Beane is smart enough to learn from his own career that scouts don't have all the answers. There are different ways to evaluate players and different ways to mine good players with limited funds. He developed an approach (based on on-base percentage and signing college players, i.e., low-risk players) and stuck to it.

The first thing that Beane did when preparing for the draft with his staff was to weed out the players that would not adapt well to minor-league life for various reasons. "Heart" entered into that equation and then they looked at the remaining players based on A) the scouting report and B) the player's stats (horrors!).

"I prefer a person who knows the game but uses stats to reinforce his evaluations." What, like you, Joe? You don't even accept on-base percentage and ERA. Joe uses stats like a drunk uses a street light to prop himself up. Sabermetricians use stats to form opinions. Look, Jimmy Rollins may look like the ideal leadoff man when you watch him warm up or even in the odd game, but when you see that he gets on base only 31% of the time you realize that he is not the man to whom you want to devote the most at-bats on your team.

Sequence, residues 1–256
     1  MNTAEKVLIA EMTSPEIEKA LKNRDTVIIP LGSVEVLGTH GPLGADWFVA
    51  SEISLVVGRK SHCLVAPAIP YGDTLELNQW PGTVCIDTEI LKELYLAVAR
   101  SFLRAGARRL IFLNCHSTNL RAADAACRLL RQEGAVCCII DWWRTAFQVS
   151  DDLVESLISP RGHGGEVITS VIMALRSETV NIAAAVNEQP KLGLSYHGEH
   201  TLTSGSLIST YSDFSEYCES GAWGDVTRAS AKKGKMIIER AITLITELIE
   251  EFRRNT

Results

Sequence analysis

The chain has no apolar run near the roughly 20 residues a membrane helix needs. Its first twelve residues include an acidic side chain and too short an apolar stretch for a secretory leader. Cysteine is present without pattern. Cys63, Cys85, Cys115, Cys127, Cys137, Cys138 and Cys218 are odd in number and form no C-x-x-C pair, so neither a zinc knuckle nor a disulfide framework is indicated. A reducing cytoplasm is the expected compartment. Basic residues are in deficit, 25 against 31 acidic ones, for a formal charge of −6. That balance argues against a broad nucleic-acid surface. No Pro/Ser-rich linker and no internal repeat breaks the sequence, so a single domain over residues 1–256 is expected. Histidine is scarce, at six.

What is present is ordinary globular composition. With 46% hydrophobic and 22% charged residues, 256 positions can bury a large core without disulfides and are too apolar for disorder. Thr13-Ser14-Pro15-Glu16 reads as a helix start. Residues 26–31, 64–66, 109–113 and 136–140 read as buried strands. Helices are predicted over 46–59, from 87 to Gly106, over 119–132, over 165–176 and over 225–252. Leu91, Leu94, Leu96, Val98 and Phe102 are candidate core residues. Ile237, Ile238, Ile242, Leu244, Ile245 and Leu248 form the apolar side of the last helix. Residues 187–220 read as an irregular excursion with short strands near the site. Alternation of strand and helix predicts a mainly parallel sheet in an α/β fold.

There is a place for all types of baseball ideologies. The places for the outmoded ones are Milwaukee, the commissioner's office, and the analyst's chair evidently. They laughed at Branch Rickey for investing all that money in a minor-league system, too. Oh, and that Noah guy was a nut building an ark (whatever that is) is the desert.]

Utek (LA): Hi Joe. You say that Albert Pujols is the best young hitter in the majors, because he "attacks the ball". I'm not sure what you mean by this. Lots of hitters---particularly young hitters--- are aggressive and swing hard without putting up Pujols' numbers. Please explain. Thanks.